situation, where the VPS operator unwisely decides to boot
all of the virtual machines from bit-for-bit identical media.
Discussion: First of all, IMHO this seems like asking what
is the procedure for hiking barefoot across a huge pile of
broken glass. The usual answer is "Don't do it. Wear shoes,
or hike somewhere else. Shoes are readily available."
Setting aside the metaphor, my advice to the VPS operator
would be "Don't do it. Disk space on the host machine is
very cheap. For N virtual machines, you can afford to make
N copies of the boot-disk image, and give each of them its
own unique random.seed file. You already went to the trouble
of generating a random.seed for the group, so the incremental
work of generating one for each host is trivial. If you are
the least bit serious about security, you will do this.
Tools that make it easy to do this are available."
There are many other simple ways of accomplishing the same
We also observe the following weakness in Case C: Compromise
of any one of the N machines compromises all the others.
This is another reason why "Don't do it" is good advice.
Note: This can be considered an application of engineering
principle (ii) mentioned above: If we want to make the
machines distinguishable, we should do it the right way.
The standard, robust way of doing this is via the
random.seed file. It is big enough to resist dictionary
attacks, whereas serial numbers etc. are not.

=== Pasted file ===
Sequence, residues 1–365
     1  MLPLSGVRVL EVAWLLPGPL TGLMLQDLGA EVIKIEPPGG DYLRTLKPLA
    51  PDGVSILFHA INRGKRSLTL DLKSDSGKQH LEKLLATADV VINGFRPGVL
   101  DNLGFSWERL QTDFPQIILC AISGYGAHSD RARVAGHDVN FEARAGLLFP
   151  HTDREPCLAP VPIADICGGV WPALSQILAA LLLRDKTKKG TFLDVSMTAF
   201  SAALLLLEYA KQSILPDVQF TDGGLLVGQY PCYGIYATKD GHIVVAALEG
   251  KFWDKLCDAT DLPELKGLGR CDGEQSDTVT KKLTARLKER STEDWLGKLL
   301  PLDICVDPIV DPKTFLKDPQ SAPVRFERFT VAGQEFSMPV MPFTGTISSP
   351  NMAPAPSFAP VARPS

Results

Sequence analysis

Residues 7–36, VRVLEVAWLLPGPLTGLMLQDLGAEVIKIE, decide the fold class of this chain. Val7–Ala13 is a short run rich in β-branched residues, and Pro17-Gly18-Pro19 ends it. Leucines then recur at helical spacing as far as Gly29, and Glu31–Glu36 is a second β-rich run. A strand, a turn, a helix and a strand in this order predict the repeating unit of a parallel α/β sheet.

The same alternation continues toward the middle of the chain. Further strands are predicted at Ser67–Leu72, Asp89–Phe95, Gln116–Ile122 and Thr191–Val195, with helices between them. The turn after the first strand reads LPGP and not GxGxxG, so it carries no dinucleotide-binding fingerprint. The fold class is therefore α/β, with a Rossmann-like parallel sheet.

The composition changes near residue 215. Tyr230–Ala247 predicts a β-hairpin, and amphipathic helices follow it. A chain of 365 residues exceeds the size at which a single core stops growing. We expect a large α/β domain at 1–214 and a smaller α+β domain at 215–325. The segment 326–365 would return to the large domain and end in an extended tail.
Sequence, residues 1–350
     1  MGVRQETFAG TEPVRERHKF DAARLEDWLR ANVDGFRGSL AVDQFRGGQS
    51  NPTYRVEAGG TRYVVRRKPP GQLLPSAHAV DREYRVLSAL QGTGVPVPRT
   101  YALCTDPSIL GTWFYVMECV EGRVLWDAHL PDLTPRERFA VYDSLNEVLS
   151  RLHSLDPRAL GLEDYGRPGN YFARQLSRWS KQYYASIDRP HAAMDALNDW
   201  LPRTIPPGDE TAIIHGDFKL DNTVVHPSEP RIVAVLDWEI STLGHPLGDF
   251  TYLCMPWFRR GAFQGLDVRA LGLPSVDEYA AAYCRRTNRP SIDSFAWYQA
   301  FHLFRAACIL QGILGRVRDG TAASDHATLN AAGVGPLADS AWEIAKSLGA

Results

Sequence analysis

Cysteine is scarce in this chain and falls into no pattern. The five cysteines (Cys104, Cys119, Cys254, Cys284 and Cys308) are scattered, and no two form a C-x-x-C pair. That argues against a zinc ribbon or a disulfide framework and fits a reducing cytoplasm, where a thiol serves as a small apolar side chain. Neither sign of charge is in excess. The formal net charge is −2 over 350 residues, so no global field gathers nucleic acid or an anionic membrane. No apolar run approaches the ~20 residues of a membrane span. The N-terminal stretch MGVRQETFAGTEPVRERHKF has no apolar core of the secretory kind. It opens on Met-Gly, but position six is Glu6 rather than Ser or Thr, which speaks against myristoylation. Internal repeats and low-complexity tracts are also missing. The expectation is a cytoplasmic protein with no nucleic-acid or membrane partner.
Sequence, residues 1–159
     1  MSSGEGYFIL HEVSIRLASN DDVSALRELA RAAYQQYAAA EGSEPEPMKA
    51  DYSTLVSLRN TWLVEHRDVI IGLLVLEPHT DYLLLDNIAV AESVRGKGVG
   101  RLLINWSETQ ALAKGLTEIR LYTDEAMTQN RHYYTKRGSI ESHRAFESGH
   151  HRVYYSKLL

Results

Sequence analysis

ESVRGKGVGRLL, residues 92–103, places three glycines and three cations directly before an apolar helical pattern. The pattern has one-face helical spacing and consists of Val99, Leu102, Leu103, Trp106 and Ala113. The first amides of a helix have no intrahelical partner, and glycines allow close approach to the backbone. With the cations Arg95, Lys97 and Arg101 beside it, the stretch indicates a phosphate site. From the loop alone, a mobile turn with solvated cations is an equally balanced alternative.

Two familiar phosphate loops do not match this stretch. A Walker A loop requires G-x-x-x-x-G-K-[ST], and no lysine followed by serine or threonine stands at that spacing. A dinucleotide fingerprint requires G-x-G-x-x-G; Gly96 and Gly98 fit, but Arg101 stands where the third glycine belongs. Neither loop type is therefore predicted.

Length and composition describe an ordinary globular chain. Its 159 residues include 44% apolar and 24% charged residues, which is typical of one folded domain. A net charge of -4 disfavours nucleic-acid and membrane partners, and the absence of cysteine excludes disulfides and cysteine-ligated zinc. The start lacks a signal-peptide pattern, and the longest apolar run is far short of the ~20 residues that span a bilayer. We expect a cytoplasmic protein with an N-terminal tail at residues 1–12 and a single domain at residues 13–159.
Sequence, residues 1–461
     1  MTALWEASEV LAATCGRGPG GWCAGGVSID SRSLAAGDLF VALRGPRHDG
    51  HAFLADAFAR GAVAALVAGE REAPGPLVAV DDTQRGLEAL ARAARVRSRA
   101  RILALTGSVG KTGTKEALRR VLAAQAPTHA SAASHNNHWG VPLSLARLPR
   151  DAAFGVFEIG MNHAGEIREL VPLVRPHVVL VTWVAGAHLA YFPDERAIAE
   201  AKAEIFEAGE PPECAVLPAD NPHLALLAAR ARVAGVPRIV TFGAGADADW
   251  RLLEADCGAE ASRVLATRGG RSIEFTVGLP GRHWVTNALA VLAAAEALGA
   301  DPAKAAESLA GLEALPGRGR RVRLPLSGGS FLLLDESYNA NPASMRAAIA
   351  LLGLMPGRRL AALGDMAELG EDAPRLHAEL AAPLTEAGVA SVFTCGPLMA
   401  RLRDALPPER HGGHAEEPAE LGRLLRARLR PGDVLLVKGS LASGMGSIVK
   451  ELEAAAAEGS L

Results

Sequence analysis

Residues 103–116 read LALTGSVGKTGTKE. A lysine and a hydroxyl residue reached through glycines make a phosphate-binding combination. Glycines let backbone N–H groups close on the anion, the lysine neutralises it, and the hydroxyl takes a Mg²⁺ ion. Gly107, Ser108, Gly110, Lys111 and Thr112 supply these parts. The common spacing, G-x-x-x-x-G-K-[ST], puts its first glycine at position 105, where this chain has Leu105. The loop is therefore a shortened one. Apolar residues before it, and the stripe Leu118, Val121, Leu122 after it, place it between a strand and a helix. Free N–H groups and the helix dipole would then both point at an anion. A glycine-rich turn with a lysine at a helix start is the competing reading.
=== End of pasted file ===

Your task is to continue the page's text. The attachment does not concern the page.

The same advice applies to anyone who wants to boot from a
downloaded or otherwise cloned boot medium: Don't do it.
If you are the least bit serious about security, you will
personalize the random-seed file. Tools to make this easy
This exhausts the set of use-cases I can think of. If anybody
knows of other cases that are worth considering, please let
us know, as clearly as possible, what those cases are.
In all cases that I can think of, Part 2 doesn't help. The
good cases don't get any better, and the bad cases don't
get significantly better. Any worthwhile goal that could
be achieved by Part 2 can be achieved more nicely by other
> Part 2/3 are NOT about security,
> they're about keeping some variance on the data retrieved from the
> random-numbers kernel subsystem across reboots of the same
> real-entropy-starved device, and also on syncronized boots of several
> nearly-identical real-entropy-starved devices.
Thanks for the clarification. I needed the clarification.
Heretofore I thought security was the driving force behind
all of this.
I fear we are pursuing two unrelated lines of thought. I
have proposed specific code to achieve a specific security-
There is evidently another proposal floating around. I have
not seen specific code, and I despite my best efforts I am
unable to figure out what the practical goal is supposed to
be. In particular, many people are concerned about security,
but relatively few are concerned about variance for the sake
of variance, when it is specifically "NOT about security".
I suspect this other proposal should be given its own ticket
number, since it involves different code, different use-cases,
and explicitly different goals.